Taste the world's flavours from home with 7 easy recipes

If, like us, you’re craving the flavours of the world from your isolation kitchen, these recipes are here to help. From the spice markets of India to the sweet Christmas pastries of Austria, these 7 easy to make recipes will have you travelling the world without leaving your kitchen.

1. Crab cakes – America

crab cakes on a tray
A true taste of the United States, crab cakes are said to originate from Chesapeake Bay in the states of Maryland and Virginia. They are particularly popular along the coast of the Mid-Atlantic and South Atlantic states, where the crabbing industry thrives. Similar to fishcakes they’re meaty, crispy and go great with mayonaise. The perfect summertime lunch.

  • cooking time – 25 mins plus 30 mins chilling
  • difficulty – super easy
  • serves – 10

3 spring onions
½ a bunch of fresh flat-leaf parsley
1 large free-range egg
750 g cooked crab meat , from sustainable sources
300 g mashed potatoes
1 teaspoon ground white pepper
1 teaspoon cayenne pepper
Plain flour, for dusting
Olive oil
Tartare sauce

1. Trim and finely chop the spring onions, and pick and finely chop the parsley. Beat the egg.
2. Combine the crabmeat, potatoes, spring onion, parsley, white pepper, cayenne and egg in a bowl with a little sea salt.
3. Refrigerate for 30 minutes, then shape into 6cm cakes.
4. Dust with flour and shallow-fry in oil over a medium heat for about 5 minutes each side or until golden-brown.
5. Serve with pinches of watercress and a dollop of tartare sauce.

2. Spinach and feta filo pie – Greece

world recipe - spinach and feta filo pie
Spinach and feta pie, otherwise known as Spanakopita, is a traditional Greek dish. Very similar to the börek pastry dish that’s popular in Middle Eastern culture, this is traditionally eaten during Lent and other religious fasts, although the delicious cheese-filled pastry is one you’ll want to eat year round!

  • cooking time – 30 mins
  • difficulty – moderate
  • serves – 4 – 6

100g pine nuts
5 large free-range eggs
300g feta cheese
50g Cheddar cheese
dried oregano
1 lemon
olive oil
1 knob of unsalted butter
400g baby spinach
1 x 270g pack of filo pastry
cayenne pepper
1 whole nutmeg, for grating

1. Preheat the oven to 200°C/400°F/gas 6.
2. Toast the pine nuts in a large ovenproof frying pan over a medium heat for 1 to 2 minutes, or until golden and smelling fantastic, tossing occasionally.
3. Crack the eggs into a large mixing bowl, crumble in the feta, then grate in the cheddar. Season with a pinch of black pepper and a couple of pinches of dried oregano.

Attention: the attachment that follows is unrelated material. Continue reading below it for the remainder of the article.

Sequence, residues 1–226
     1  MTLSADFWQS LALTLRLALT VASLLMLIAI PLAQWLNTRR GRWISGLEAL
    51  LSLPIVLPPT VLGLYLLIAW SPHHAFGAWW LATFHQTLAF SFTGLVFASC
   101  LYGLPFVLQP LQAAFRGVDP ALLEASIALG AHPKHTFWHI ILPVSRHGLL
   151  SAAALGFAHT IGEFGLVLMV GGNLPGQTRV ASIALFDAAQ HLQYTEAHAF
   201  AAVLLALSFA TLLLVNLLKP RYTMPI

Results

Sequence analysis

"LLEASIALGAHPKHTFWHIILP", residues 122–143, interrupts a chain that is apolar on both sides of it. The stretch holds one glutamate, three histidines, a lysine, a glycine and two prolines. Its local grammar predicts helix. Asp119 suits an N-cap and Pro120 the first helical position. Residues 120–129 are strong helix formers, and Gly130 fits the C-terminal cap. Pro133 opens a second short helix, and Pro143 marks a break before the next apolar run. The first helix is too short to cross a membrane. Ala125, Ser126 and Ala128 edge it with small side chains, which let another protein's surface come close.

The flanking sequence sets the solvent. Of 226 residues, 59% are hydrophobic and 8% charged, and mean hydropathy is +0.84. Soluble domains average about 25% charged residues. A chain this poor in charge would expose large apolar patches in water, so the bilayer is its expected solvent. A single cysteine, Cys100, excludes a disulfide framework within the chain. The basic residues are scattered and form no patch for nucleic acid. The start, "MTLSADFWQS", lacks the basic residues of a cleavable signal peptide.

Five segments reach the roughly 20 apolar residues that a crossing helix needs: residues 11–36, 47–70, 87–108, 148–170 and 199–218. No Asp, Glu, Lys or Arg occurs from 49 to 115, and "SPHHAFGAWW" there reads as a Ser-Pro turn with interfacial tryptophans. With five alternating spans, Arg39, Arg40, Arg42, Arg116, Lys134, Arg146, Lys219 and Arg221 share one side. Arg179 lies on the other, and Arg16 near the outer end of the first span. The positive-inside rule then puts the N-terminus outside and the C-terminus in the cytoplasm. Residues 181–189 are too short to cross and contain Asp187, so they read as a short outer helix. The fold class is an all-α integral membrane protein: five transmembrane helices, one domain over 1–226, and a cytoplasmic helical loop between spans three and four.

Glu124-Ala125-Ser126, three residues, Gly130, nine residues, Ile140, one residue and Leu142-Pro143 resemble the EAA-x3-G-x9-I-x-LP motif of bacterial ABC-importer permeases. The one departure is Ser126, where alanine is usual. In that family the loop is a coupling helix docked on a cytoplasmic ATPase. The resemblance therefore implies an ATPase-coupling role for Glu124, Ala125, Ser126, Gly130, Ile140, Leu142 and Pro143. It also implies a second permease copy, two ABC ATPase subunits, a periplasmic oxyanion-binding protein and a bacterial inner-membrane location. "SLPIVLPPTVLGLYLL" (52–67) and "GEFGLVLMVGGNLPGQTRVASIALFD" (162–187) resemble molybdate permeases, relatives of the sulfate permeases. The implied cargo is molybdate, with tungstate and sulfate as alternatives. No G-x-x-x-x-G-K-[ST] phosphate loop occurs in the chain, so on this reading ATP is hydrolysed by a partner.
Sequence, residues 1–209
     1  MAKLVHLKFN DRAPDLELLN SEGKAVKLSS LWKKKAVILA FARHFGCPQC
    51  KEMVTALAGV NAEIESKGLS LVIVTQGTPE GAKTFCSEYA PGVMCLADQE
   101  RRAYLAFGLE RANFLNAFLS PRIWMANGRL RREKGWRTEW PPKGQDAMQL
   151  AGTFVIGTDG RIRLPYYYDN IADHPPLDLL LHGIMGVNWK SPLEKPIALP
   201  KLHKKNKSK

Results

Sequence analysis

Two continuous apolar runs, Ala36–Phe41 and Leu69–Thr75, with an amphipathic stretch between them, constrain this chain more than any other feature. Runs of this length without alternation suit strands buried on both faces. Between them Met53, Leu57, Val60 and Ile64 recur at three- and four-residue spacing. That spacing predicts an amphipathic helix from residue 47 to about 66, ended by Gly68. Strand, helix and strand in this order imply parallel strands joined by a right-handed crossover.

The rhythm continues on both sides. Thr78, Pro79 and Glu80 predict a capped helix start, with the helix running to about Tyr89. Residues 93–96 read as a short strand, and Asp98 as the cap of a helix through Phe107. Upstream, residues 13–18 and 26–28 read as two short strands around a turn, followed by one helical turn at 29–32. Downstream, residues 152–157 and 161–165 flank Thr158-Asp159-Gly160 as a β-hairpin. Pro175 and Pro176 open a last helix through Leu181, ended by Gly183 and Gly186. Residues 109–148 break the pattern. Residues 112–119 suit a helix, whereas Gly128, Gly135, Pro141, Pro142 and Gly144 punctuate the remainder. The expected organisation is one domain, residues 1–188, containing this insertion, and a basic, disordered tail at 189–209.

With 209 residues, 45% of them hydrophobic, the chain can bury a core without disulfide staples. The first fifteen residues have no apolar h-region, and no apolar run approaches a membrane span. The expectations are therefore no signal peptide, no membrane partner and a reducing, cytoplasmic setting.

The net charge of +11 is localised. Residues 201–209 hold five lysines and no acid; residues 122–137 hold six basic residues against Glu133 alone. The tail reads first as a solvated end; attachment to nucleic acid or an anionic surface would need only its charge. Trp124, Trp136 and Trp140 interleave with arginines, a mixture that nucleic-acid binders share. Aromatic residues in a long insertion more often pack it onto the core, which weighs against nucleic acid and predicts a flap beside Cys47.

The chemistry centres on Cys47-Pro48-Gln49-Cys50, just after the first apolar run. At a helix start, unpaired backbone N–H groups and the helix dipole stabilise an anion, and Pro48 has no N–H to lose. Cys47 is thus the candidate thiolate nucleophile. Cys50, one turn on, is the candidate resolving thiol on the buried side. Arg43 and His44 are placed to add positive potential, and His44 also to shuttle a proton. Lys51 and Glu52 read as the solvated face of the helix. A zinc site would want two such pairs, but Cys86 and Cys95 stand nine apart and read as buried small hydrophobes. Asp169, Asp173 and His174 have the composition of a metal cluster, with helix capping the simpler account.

4. Finely grate in the lemon zest, drizzle in a little oil, then toss in the toasted pine nuts. Mix well.
5. Melt the butter in the frying pan over a medium heat with a drizzle of oil, add half the spinach, stirring until wilted, then when there’s space, add the remaining spinach, stirring regularly until wilted.
6. Lay a 50cm strip of greaseproof paper out on a clean work surface, rub lightly with oil and scrunch up, then flatten out again.
7. Arrange 4 sheets of filo in a large rectangle on the greaseproof paper, overlapping at the edges, so that it’s almost covering the greaseproof.
8. Rub the filo with a little oil, sprinkle with sea salt, pepper and a pinch of cayenne pepper. Repeat until you have 3 layers.
9. Stir the wilted spinach into the egg mixture, then grate in half the nutmeg and mix well.
10. Slide the greaseproof and filo into the empty frying pan, so that the edges spill over, then push down into the sides of the pan.
11. Pour in the spinach mixture and spread out evenly, then fold the filo up over the filling to cover.
12. Place the pan over a medium heat for 2 minutes, just to get the bottom cooking, then transfer to the top shelf of the oven for 18 to 20 minutes, or until golden and crisp. Delicious served with a fresh seasonal salad.

3. Rhubarb crumble – England

rhubarb crumble on a plate
Crumbles became popular in Britain during World War II. The topping (a mixture of fat, flour and sugar) was an economic alternative to pastry due to rationing shortages. The crumbly top is then sprinkled over stewed fruit, with apple and rhubarb both popular favourites. It’s best served with ice cream, cream or custard… or all three!